Agenda and draft minutes
Venue: The Lancastrian, Town Hall, Chorley, and Microsoft Teams
Contact: Matthew Pawlyszyn Email: email@example.com
The Minutes of the meeting Thursday, 3 December 2020 were approved as a correct record.
Verbal Presentation by Dial-a-Ride
Tracy Keating, Manager at Central Lancs Dial-a-Ride to provide a verbal presentation.
The Overview and Scrutiny Task Group – Sustainable Public transport welcomed Tracy Keating, Manager at Central Lancs Dial-a-Ride.
She explained that Central Lancashire Dial A Ride provided community, door to door transport service and had been operating since 1982. There were six employees, two were based in the office and four were drives. The fleet consisted of six minibuses, three were used daily. The service was to provide transport for people that were unable to access public transport. Drivers were Midas Trained, and DBS checked.
The service covers certain areas on specific days and times, with customers required to book 24 to 48 hours in advance.
To use Dial-a-Ride, users had to be members. There was no age limit in place, but there was a misconception that Dial-a-Ride was exclusive to the elderly or disabled, the only requirement was for the user to be unable to access other means of public transport.
Dial-a-Ride operated Monday to Friday 8:30 – 16:30, on Saturday’s out of town trips were organised for community groups, theatres, and cinemas, all prior to Covid-19.
Part of the funding was received by Lancashire County Council, but this had reduced 30% in the previous 5 years. Chorley and South Ribble Council provided funding over three years, but this didn’t cover the whole service and cut backs were made. Other sources of funding have been explored including the Big Lottery, and funding bids for environmentally friendly minibuses.
Prior to the Covid-19 pandemic, 2500 trips were made a month. At present, that figure was 750.
Covid-19 regulations have reduced bus capacity, a minibus with capacity for 12 – 14 passengers, was now reduced to 4 or 5.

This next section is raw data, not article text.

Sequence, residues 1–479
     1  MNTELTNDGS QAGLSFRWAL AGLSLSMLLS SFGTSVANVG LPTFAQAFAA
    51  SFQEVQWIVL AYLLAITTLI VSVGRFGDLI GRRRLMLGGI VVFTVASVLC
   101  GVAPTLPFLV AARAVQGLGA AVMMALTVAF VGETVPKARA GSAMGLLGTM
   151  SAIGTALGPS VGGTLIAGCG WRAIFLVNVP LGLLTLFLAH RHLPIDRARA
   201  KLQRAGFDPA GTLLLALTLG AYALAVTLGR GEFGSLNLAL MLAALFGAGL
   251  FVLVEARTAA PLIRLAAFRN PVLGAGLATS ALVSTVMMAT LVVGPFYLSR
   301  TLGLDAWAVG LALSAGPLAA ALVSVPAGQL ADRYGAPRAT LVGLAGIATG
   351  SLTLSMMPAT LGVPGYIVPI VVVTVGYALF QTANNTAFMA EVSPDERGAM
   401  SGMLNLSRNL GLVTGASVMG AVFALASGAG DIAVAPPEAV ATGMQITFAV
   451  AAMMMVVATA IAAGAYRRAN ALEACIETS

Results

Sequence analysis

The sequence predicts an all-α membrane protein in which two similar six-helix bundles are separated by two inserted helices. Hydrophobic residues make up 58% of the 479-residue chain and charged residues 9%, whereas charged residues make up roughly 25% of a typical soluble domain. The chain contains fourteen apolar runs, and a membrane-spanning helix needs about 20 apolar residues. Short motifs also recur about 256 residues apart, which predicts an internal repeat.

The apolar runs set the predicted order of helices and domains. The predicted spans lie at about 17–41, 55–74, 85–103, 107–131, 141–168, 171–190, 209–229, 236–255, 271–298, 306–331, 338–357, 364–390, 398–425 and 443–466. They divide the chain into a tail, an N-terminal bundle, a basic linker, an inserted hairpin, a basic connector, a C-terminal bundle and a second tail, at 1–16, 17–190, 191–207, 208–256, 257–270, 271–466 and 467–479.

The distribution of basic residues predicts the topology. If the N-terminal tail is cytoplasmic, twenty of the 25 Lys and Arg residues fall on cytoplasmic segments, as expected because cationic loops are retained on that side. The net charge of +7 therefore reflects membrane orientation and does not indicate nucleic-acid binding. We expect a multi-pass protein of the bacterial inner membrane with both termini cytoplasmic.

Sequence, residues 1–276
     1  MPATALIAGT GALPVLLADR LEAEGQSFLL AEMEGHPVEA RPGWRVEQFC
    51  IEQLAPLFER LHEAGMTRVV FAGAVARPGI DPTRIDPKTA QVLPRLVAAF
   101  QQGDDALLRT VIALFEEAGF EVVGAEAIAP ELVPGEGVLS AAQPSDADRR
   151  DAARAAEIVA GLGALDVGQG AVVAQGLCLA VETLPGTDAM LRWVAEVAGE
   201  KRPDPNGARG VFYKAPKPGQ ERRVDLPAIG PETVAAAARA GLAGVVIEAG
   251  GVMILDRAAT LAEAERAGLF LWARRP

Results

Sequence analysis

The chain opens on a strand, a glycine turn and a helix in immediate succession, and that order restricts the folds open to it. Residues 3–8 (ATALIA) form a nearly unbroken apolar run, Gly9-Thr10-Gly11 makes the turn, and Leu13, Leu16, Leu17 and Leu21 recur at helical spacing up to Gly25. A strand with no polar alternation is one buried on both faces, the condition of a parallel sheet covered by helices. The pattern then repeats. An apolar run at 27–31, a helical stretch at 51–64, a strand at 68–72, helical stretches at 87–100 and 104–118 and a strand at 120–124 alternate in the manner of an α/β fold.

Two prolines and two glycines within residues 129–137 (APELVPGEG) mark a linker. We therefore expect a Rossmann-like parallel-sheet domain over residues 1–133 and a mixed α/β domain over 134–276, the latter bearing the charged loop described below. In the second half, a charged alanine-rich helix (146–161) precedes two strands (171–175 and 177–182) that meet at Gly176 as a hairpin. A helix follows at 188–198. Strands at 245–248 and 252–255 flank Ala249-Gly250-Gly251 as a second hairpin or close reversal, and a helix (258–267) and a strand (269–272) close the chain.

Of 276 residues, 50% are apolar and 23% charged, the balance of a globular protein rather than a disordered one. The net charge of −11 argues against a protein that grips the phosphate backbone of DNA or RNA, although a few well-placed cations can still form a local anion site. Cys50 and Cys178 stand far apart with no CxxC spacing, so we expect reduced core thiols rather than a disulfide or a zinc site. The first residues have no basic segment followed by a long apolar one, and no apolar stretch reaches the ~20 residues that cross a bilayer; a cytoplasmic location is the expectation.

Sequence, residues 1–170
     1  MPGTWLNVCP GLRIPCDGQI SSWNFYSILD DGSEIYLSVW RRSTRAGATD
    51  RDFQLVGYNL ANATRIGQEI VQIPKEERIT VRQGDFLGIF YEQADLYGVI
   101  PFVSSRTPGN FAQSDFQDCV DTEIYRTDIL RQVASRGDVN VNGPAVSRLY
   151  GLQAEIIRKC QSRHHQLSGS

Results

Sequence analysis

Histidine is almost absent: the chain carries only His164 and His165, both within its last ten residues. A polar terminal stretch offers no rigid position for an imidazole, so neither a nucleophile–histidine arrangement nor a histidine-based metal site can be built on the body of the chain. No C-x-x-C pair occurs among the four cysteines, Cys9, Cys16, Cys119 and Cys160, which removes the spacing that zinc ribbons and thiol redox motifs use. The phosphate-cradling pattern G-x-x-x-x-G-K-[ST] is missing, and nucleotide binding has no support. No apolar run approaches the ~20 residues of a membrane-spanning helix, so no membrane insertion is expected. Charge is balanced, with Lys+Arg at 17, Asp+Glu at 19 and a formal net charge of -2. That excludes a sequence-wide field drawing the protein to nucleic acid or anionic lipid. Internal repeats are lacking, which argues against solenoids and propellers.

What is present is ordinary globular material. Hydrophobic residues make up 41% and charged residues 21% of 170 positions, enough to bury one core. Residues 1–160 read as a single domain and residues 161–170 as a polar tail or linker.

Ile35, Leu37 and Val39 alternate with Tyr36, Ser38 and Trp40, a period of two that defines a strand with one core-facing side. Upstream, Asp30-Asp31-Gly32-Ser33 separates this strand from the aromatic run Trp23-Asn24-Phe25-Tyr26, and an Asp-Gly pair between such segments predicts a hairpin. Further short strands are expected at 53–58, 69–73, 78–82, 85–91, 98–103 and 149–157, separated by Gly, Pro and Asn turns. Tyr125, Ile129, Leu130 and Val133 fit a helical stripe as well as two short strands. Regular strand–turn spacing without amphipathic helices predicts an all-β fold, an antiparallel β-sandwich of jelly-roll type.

The Community Car Service is a volunteer car scheme with six volunteers and volunteers used their own vehicles to take passengers to their destinations, usually appointments or shops.
There was difficulty in finding volunteers, during the last drive for recruitment, 2000 leaflets were distributed with 2 responses.
The Community Car Service drivers did not require an additional license as they were not taking fares, but were refunded 40p per mile and compensated for the dead mileage, which was mileage operated without a passenger. DBS and extra insurance were paid by Dial-a-Ride.
The car service had been funded by Eccleston Parish Council to serve the people of Eccleston.
Members recommended that Tracy made contact with the Parish Council clerks as there was significant interest from Members to have a Dial-a-Ride service in their wards and Parish’s, and suggested that Dial-a-Ride featured in Parish Council’s Newsletters, and notice boards. It was also recommended for Dial-a-Ride to attend Chorley Liaison to raise awareness.
The diesel minibuses cost between £48,000 - £60,000 each, the buses required full accessibility functionality, to ensure wheelchairs compatibility. The vehicles were serviced and checked every 10 weeks. The youngest bus was from 2012 and oldest 2008.